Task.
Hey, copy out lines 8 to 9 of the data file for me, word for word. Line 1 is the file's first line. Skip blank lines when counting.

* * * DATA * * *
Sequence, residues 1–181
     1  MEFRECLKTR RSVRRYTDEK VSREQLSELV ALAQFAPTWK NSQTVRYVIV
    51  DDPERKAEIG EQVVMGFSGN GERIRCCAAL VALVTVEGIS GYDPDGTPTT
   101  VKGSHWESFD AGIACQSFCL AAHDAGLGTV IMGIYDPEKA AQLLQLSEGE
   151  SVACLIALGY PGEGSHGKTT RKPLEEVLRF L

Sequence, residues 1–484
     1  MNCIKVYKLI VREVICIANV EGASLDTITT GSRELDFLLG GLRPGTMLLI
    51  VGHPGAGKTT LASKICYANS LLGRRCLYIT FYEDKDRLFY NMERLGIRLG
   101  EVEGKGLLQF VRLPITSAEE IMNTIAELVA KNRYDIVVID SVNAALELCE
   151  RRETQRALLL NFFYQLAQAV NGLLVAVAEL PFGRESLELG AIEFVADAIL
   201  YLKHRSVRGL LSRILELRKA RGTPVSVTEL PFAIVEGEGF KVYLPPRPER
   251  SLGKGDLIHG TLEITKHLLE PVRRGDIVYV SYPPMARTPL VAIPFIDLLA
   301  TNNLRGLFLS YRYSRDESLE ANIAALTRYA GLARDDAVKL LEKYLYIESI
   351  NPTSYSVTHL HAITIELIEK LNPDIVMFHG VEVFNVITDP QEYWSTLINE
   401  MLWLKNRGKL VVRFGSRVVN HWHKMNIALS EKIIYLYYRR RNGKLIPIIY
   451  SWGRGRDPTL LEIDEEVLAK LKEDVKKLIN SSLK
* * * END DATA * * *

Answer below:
    51  VGHPGAGKTT LASKICYANS LLGRRCLYIT FYEDKDRLFY NMERLGIRLG
   101  EVEGKGLLQF VRLPITSAEE IMNTIAELVA KNRYDIVVID SVNAALELCE